The shutdown is having a major effect on government contractors and federal employees alike.
Defense and tech contractors are feeling the effects of the government shutdown just as the 800,000 federal employees either furloughed or working without pay.
Each new day in this shutdown—now the longest in American history at 25 days—brings with it dozens of new stop-work orders on contracts across unfunded or partially unfunded federal agencies, which include the Agriculture, Health and Human Services, Interior, Commerce and Homeland Security departments.
When contracts are stopped, the companies that hold those contracts—and therefore the personnel they employ or subcontract to execute them—are not paid. Agencies send stop-work orders to companies when there isn’t obligated funding for a specific contract vehicle, or when funding is available but simply not enough remaining federal employees are left within an agency or department to carry out work.
Regardless of the cause, the majority of contractors will receive no back compensation, unlike federal employees, who Congress has ensured will receive back pay once the affected agencies open again. According to Bloomberg, the shutdown could be costing contractors $200 million per day, or almost $1.5 billion per week, and as funded revenue dries up, those numbers will compound.
"Each day, we’re getting more and more stop-work orders,” said David Berteau, president and chief executive officer of the Professional Services Council. PSC represents some 400 government technology and professional services companies, which Berteau said have reported an increasing number of stop-work orders since New Year’s Day.
Contractors are not impacted equally.
Berteau said large contractors with a variety of government contracts across agencies and sectors can reduce the impact to contracted employees by shifting them to funded contracts. It isn’t foolproof, though, because most agencies have to approve this kind of shift and there is no guarantee the necessary paperwork is going to get done during a shutdown. Large contractors can sometimes also afford to consider other options to keep people on payroll, such as providing training to contracted employees who otherwise wouldn’t be working.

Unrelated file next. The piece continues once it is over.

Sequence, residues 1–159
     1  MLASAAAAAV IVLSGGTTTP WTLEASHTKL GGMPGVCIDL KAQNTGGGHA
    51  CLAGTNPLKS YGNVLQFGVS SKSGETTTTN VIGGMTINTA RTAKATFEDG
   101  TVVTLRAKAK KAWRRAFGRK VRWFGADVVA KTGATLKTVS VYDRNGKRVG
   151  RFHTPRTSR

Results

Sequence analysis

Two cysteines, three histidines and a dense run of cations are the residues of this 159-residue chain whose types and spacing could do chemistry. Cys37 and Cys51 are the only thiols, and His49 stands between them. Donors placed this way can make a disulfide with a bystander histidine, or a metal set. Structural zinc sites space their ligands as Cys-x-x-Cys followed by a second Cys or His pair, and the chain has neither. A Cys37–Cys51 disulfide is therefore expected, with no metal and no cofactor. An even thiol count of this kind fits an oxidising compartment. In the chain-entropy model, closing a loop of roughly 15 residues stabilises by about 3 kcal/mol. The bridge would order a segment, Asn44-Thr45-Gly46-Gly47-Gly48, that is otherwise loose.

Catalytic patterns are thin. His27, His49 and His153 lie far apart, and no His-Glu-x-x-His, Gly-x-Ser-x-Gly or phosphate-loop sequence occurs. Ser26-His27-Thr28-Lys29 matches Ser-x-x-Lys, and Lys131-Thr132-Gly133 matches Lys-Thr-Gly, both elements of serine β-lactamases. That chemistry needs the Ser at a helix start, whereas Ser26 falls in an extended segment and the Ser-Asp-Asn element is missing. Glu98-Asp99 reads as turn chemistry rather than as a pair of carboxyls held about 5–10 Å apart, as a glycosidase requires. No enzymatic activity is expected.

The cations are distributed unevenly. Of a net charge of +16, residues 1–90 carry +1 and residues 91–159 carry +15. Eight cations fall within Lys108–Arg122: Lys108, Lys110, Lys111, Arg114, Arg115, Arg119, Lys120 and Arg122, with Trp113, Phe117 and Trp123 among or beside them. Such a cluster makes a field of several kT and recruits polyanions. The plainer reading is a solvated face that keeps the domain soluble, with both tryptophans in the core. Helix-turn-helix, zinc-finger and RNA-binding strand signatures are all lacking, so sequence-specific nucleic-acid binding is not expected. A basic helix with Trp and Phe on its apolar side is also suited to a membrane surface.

One large cloud service provider Nextgov spoke with said it is allowing its 7,000 employees take sick, vacation and personal time early and in some cases extending that time to keep them on payroll, hoping the shutdown will end soon.
“We’re not talking about numbers right now, we’re talking about taking care of people,” said one senior member of the company who was not authorized to speak to the press. “We’re trying to keep as many of our employees as possible, and if any other contracted jobs within the company are open, our employees are free to transfer over and move.”
Smaller contractors have fewer options. MetTel, a New York-based telecommunications provider with about 500 employees, is used to punching above its weight, competing against the likes of telecom giants Verizon and AT&T. The company’s federal footprint dates back to 2011, but it made a major splash last year, securing one of 10 spots on the General Services Administration’s $50 billion Enterprise Infrastructure Services contract.
But with EIS task orders held up and the company unable to get responses to pending requests for proposals due to agency furloughs, MetTel had to let people go.
“When you’re in part of an RFP response where the government owes you answers to questions and they aren’t forthcoming, you really can’t do much that is productive,” Diana Gowen, general manager and senior vice president of MetTel’s federal business, told Nextgov. “We had to tell the contracting staff we have they are furloughed, and you know, it affects human beings.”
This is the reality of the government shutdown, Gowen said. The people she let go will join a now-larger pool of suddenly unemployed contractors. Even with specialized skills, they may struggle to find new opportunities until the entire government is operating.
Gowen said even if lawmakers and the president strike a deal to open government quickly, it may take weeks or more for work on once-halted contracts to begin again. And whereas large corporations have the financial wherewithal to “get those people back and working again” at the first sign of shutdown deal, “smaller corporations have a hard time with that,” she said.
“Smaller companies have to wait for government funding to come through the door,” Gowen said. “It really depends on, ‘How long does this whole thing go?’”